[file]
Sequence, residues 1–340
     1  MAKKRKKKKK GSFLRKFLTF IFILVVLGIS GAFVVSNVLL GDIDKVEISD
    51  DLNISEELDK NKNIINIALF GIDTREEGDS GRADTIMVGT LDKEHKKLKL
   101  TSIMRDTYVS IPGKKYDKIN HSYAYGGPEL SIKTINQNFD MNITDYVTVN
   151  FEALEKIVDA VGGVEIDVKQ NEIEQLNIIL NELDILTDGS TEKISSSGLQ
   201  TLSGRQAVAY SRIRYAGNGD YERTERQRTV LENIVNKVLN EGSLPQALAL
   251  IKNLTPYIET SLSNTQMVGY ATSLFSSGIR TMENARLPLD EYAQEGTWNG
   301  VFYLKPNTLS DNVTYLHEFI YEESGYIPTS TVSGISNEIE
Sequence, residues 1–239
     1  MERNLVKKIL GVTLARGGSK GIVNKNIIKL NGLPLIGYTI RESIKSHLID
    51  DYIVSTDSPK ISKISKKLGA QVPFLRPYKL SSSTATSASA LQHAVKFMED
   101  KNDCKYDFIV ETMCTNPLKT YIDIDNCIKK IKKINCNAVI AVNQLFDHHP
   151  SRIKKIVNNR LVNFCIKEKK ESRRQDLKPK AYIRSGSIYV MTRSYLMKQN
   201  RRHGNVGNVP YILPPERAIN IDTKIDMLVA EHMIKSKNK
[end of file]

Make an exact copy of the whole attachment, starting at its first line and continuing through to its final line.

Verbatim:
Sequence, residues 1–340
     1  MAKKRKKKKK GSFLRKFLTF IFILVVLGIS GAFVVSNVLL GDIDKVEISD
    51  DLNISEELDK NKNIINIALF GIDTREEGDS GRADTIMVGT LDKEHKKLKL
   101  TSIMRDTYVS IPGKKYDKIN HSYAYGGPEL SIKTINQNFD MNITDYVTVN
   151  FEALEKIVDA VGGVEIDVKQ NEIEQLNIIL NELDILTDGS TEKISSSGLQ
   201  TLSGRQAVAY SRIRYAGNGD YERTERQRTV LENIVNKVLN EGSLPQALAL
   251  IKNLTPYIET SLSNTQMVGY ATSLFSSGIR TMENARLPLD EYAQEGTWNG
   301  VFYLKPNTLS DNVTYLHEFI YEESGYIPTS TVSGISNEIE
Sequence, residues 1–239
     1  MERNLVKKIL GVTLARGGSK GIVNKNIIKL NGLPLIGYTI RESIKSHLID
    51  DYIVSTDSPK ISKISKKLGA QVPFLRPYKL SSSTATSASA LQHAVKFMED
   101  KNDCKYDFIV ETMCTNPLKT YIDIDNCIKK IKKINCNAVI AVNQLFDHHP
   151  SRIKKIVNNR LVNFCIKEKK ESRRQDLKPK AYIRSGSIYV MTRSYLMKQN
   201  RRHGNVGNVP YILPPERAIN IDTKIDMLVA EHMIKSKNK